TrustedSystemgenerations01_pptx 5

And my four desks looked like this:

TrustedSystemgenerations01_pptx 6

Then as I experimented with my system and changed jobs I :

  • Dropped Dropbox for Google drive when I bought a ChromeBook. Google drive is not even in the same league as Dropbox as far as reliability goes, but I’ve stayed with Google drive and Google Apps for simplicity’s sake.
  • Added OneNote to keep work notes separate from home notes. This has actually facilitated manila folders as OneNote makes it *trivial* to print all my tabs (virtual manila folders) and put them into real labeled GTD manila folders.
  • Kept 3×5 cards. They are indispensable for organizing. Laying a large number of cards out on a big table, then re-arranging them into thematic clumps, is the most powerful project organization tool that I possess. *Note* to OneNote and Evernote folks, please please please add 3×5 cards and a flexible user interface for re-arranging cards to your programs!!!!!
  • Kept manila folders. In my new job, I can see my boss relax when I pull out a folder that has an updated project plan in it. And once she saw that she could look in one place for my project list and see what is going on, again, I could visibly see her relax.
  • Kept eMail.

So my system now looks like this:

TrustedSystemgenerations01_pptx 7

And my dungeon desk looks like this:


Thoughts on Tools:

  • OmniFocus is an awesome tool. If you are going to implement GTD to the letter, I don’t think there is a better software package. But I learned that implementing GTD to the letter is not for my brain. But there is TREMENDOUS power in OmniFocus if it is for you.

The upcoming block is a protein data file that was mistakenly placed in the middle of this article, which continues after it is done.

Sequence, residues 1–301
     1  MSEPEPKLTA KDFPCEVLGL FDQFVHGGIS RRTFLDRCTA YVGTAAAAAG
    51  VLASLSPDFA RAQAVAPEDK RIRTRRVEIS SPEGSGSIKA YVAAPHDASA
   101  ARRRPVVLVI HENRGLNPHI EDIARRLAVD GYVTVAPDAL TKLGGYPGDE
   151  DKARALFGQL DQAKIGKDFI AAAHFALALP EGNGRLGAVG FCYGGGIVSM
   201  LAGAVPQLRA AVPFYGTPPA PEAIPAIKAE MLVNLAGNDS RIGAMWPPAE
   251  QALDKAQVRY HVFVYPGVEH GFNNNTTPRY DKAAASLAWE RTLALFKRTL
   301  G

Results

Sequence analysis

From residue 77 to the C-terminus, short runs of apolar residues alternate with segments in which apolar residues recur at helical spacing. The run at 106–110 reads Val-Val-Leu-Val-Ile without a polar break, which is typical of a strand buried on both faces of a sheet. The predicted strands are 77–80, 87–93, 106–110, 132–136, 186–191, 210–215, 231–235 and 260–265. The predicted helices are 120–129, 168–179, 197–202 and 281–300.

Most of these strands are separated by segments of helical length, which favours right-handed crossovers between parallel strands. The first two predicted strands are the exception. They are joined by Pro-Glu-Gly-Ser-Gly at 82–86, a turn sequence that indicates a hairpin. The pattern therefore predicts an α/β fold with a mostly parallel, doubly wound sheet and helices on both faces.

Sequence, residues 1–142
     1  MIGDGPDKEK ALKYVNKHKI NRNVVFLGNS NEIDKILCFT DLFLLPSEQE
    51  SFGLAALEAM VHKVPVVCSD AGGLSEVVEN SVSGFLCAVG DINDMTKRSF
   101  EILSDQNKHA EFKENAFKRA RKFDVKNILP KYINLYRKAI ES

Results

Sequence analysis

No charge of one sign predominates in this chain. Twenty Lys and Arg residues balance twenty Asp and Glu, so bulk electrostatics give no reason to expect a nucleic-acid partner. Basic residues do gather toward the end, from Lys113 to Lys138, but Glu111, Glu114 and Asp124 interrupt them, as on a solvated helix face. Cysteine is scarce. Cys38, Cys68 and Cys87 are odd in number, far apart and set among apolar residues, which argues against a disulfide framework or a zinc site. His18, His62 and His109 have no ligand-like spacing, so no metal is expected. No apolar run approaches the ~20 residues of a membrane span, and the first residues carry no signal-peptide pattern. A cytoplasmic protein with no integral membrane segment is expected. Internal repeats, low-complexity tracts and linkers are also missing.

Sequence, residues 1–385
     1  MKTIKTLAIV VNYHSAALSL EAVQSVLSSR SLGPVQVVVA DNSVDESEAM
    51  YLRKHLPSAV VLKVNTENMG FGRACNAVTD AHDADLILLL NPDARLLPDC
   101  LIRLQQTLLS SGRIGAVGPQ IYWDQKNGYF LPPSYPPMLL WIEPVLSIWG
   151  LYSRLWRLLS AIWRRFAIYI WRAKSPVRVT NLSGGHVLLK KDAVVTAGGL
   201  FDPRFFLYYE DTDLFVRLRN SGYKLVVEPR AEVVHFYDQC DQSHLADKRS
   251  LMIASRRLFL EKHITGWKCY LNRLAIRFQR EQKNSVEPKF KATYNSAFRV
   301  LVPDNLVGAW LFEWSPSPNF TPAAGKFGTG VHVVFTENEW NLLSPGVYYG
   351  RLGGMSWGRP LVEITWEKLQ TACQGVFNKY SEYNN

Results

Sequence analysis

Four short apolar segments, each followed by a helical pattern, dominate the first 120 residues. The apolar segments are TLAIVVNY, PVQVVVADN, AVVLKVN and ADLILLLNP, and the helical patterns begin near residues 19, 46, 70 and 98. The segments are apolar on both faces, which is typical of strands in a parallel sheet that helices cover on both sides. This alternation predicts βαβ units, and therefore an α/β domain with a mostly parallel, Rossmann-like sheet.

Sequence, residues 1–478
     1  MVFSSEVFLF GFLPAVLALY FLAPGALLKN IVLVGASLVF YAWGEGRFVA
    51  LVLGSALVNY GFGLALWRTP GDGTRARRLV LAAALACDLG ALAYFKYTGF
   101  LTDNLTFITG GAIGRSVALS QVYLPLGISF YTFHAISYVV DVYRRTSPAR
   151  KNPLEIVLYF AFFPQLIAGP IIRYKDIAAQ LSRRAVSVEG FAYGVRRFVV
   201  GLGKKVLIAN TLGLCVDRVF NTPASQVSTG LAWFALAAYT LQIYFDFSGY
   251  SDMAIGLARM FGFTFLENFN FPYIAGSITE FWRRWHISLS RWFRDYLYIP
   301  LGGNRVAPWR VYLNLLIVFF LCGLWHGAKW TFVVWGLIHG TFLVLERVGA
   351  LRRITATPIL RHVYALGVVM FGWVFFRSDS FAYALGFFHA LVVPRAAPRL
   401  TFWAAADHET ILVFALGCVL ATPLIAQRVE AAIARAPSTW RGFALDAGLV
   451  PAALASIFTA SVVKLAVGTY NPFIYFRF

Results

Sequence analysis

• Evernote has been with me since the beginning of my GTD journey. I remember listening to David Allen say “the lack of a good general-reference system can be one of the greatest obstacles to implementing a personal management system” (p. 95 Kindle L1500) and realizing “Evernote! I can use Evernote to be my reference filing system!” You see I had Evernote before I read GTD, I just did not have a use model for it, because I did not appreciate how critical reference filing is to GTD.
  • Evernote keeps adding tools. Some of them are wonky (Evernote Hello for example), but Web ClipperClearly, and Skitch have been game changers for me. Evernote has also gradually increased the kinds of files that it indexes (Word for example was a pain before Evernote started indexing it), and the handwriting recognition is slowly improving. The growth of Evernote’s tool set has kept me loyal as I know I don’t need to jump ship for the latest slick tool. Probably, this reticence kept me for too long from trying OneNote again. I was on the beta team for OneNote 1.0 and getting a change made to the program was like trying to teach a pig to sing.
  • Dropbox is also an awesome tool. But it was (a) too expensive and (b) to focused on single users, at the time I adopted it. Dropbox too is adding tools, but unlike Evernote, Dropbox has not added tools at the point of most intense need for me, and built out from there. I’m sure to Dropbox, Evernote’s file replication must look plebeian, a pale copy of Dropbox with a different user interface. But to me, Dropbox is infrastructure first, and OneNote and Evernote are tools first, with backing infrastructure.